Since 2004 Plastic Crimewave (aka Steve Krakow) has used the Secret History of Chicago Music to shine a light on worthy artists with Chicago ties who’ve been forgotten, underrated, or never noticed in the first place.
I discovered the music of Michael Salvatori through his 1980s private-press loner-folk LP—it’s a sought-after item among fans of such obscurities—but most people who know his name have probably heard about him because he’s a composer for hit video games. Salvatori’s career has taken a few twists and turns I never would’ve anticipated, but Secret History finally has the story on this underappreciated music maker.
Salvatori was born in Elmhurst, Illinois, in 1954, and attended Visitation Catholic School till eighth grade. Inspired by West Side Story and the Beatles (and playing a guitar he’d gotten for Christmas), he joined his first band at age 12, covering pop favorites in the 13th Hour with longtime friend Gary Polkow on keyboards. At York High School in the early 70s, the two of them moved on to heavier sounds with Psychlotron (who were inspired by the Doors and Iron Butterfly and opened for the Cryan’ Shames) and Strapperjak (a horn-rock band that did originals plus covers of Chicago and the Ides of March).
After graduation Salvatori married his high school sweetheart, Gail, and started a short-lived prog band with her on keyboards and his brother Tom on bass. They only played a couple gigs, mostly for friends and family, while Salvatori was working at a print shop to put Gail through college. Soon he and Gail had a mortgage and a family, and as that reality sank in, Salvatori restricted his musical activity to relatively manageable solo work. Luckily he was able to secure a bank loan to build a basement studio in his Wheaton home, where he recorded local musicians on evenings and weekends. When the studio wasn’t booked, he picked away at his own music. It took him a few years to record his only solo album, but at age 28, Salvatori self-released the sublime 1982 LP Waiting for Autumn.
He pressed the album in a run of 500, and it’s now very rare. Salvatori kept only a few. “I still had about half a dozen unopened copies, but lost them several years ago during a move,” he says. “So I had to buy them back on eBay, and it took me a while, because they rarely came up for sale and sellers were asking ridiculous prices for them.”
Salvatori never even got around to gigging as a solo artist, because another opportunity came knocking shortly after the release of Waiting for Autumn: his college friend Martin O’Donnell, who knew Salvatori had his own studio, proposed a film-soundtrack collaboration. The two of them soon started working on music for TV commercials, and struck gold with a 1985 campaign for Flintstones vitamins. If you’re around my age, you probably remember it: “We are Flintstones kids / Ten million strong and growing” (Salvatori’s two young daughters sang on the first version).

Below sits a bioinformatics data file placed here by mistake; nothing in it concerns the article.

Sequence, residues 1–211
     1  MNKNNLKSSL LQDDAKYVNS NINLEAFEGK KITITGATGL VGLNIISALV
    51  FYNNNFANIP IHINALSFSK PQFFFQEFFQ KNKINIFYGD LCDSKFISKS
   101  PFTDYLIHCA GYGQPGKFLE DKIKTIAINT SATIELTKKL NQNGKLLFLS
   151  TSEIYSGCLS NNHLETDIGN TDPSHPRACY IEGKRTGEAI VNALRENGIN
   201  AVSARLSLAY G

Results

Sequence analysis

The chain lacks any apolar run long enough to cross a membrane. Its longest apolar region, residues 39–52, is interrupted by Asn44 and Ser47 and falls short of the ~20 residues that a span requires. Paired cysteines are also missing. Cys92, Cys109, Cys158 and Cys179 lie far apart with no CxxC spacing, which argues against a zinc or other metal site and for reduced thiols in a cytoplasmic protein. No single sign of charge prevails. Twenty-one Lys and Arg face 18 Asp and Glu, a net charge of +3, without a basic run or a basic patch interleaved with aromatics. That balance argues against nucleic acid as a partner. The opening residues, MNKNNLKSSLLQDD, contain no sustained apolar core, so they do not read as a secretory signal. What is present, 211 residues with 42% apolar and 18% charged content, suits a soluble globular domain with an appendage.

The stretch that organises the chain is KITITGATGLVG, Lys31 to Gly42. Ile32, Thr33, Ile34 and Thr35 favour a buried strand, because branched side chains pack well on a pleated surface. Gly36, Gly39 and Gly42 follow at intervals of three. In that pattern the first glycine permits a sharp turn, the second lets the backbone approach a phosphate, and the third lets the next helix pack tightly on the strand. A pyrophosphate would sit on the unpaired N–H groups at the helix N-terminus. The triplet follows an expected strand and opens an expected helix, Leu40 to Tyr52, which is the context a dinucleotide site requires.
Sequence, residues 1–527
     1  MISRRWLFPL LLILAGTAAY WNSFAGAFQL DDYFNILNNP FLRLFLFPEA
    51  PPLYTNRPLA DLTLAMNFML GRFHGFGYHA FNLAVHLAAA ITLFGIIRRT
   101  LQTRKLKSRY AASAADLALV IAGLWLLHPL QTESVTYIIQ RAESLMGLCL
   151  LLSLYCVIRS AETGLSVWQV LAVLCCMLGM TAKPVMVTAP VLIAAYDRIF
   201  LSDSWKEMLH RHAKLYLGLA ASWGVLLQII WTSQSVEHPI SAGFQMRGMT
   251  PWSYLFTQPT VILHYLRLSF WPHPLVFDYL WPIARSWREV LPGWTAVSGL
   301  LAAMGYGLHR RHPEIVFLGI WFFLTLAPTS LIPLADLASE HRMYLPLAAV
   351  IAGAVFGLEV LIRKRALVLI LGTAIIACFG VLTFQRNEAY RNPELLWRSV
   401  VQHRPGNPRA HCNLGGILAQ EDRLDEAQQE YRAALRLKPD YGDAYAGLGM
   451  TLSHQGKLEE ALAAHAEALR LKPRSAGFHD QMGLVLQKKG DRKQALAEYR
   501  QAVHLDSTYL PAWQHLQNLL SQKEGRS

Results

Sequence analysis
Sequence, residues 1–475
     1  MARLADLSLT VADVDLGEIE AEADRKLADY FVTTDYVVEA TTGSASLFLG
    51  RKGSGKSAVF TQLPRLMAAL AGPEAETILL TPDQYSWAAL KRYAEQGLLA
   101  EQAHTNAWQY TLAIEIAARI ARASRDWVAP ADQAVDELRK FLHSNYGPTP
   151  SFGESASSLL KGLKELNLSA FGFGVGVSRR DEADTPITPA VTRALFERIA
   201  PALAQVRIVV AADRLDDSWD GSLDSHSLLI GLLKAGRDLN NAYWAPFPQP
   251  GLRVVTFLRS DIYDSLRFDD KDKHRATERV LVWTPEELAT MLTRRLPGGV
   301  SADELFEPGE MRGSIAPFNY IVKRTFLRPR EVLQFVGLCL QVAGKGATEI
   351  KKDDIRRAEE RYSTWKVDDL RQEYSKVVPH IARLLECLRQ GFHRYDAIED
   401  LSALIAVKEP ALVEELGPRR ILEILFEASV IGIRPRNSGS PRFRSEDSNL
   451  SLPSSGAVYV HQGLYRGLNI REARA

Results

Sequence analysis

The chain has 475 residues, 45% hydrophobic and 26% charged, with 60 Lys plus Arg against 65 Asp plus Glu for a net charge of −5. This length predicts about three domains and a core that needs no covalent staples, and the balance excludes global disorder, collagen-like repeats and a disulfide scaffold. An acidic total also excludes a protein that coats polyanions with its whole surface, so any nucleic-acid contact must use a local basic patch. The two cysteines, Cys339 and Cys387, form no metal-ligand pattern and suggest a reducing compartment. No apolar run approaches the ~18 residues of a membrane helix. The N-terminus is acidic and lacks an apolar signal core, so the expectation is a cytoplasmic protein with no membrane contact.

This success led to a full-time jingle-writing partnership, and O’Donnell and Salvatori moved out of his Wheaton basement and formed their own downtown Chicago agency. By the mid-90s, O’Donnell was starting to get tired of writing jingles and approached video-game developer Bungie, whose offices were located close to their studio, about writing music for its games. The first Bungie project for which the duo composed was the beloved 1997 fantasy-strategy game Myth: The Fallen Lords, and for a few years they continued splitting their time between games and jingles. But scoring the massive hit Halo in 2001 changed everything—Microsoft had just bought Bungie, and positioned Halo as the game that would launch its new Xbox console that year. It sold a million copies in its first five months, and is now considered a genre-defining classic.
Over the next nine years, O’Donnell and Salvatori worked on four more Halo games, including two that broke sales records (the last was 2010’s Halo: Reach). In 2011 Salvatori took a staff job with Bungie, which had by then moved to Washington State (O’Donnell had been hired years earlier), in order to work on music for the 2014 game Destiny. O’Donnell eventually left Bungie, but Salvatori is still composing for the company today.
Salvatori’s years at Bungie have taken him to some unexpected places. “In 2012 and ’13 we got to collaborate with Paul McCartney, who cowrote some of the music on the first Destiny release,” he remembers. “That was one of those ‘full circle’ moments for me—seeing him on TV in 1964 was what caused me to gravitate toward music as a career.” Now that, my friends, is what they call a journey! v